“There are two kinds of education in this world,” he said during a radio interview. “There is academic education which is guaranteed that you will always work for someone else for the rest of your life, and there is financial education which guarantees you financial freedom”.
Ngcobo’s new money attracted the attention of the South African Police Commercial Crimes Unit who conducted an inquiry on the legality of his offshore investment companies.
Although the gap between the rich and the poor in the rainbow nation have grown immensely wide since the fall of apartheid in 1994, the composition of the top end tier has drastically acquired shades of black. But ownership of big business is still largely in the hands of white with only 4 percent blacks accounting for chief executive officers in Johannesburg Stock Exchange (JSE)-listed companies.
South African Revenue Service says that almost a million people in the country earns more than $2142 a month. A Unilever Institute of Strategic Marketing survey classified the country’s wealthy people into three categories.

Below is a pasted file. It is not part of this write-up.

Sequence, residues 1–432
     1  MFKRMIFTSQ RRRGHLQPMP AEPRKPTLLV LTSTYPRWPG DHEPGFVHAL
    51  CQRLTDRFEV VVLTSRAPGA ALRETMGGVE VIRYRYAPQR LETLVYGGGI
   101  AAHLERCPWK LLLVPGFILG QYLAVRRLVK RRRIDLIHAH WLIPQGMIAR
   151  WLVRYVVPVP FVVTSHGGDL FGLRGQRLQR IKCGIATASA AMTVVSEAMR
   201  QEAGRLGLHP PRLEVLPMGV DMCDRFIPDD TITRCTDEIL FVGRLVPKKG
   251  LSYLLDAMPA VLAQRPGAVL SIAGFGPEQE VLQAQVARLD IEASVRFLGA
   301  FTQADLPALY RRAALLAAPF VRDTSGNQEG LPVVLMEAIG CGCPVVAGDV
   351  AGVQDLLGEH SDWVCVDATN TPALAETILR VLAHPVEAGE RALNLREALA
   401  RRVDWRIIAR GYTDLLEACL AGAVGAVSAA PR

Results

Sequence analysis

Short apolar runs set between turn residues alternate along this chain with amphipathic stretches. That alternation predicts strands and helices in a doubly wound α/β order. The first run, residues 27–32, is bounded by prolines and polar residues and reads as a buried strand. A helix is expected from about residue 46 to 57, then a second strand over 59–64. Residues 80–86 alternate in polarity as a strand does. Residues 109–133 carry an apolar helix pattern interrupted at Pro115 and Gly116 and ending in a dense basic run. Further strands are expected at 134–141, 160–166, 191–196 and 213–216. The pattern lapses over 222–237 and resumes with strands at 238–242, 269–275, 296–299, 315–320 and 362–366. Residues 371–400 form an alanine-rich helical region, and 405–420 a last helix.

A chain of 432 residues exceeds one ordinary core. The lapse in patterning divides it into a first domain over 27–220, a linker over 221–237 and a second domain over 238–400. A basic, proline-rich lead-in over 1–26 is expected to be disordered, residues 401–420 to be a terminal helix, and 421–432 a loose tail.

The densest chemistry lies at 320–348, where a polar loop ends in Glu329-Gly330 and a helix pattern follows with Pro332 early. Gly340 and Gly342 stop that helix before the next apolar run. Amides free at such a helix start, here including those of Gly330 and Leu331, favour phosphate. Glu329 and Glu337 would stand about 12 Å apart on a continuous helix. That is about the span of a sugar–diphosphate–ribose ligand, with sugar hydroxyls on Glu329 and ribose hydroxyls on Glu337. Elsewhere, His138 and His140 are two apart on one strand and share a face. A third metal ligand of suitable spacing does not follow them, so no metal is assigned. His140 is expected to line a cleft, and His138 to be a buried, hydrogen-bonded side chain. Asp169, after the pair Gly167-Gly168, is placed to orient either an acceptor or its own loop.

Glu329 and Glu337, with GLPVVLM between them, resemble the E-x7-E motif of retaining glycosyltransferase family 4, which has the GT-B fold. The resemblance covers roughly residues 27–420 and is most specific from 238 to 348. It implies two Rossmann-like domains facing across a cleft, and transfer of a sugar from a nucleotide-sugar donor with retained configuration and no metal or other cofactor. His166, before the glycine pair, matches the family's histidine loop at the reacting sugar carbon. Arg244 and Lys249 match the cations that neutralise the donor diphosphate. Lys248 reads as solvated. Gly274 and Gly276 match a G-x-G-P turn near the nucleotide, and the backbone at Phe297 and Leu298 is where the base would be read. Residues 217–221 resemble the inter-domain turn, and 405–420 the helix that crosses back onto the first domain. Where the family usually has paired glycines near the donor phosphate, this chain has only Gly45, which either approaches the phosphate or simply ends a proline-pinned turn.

The “Drivers” that included people worth up to $130,000 50 percent of whom were blacks under the age of 35, the “High Flyers” with a net worth of up to $650,000 which contained the majority of the country’s wealthy people and 33 percent being black and “Astronauts” who were the wealthiest group with members worth more than $976000 and 27 percent of them being black.
At the dawn of majority rule in 1994 there were hardly any blacks in the “Drivers” category, with the other two classes being exclusively white.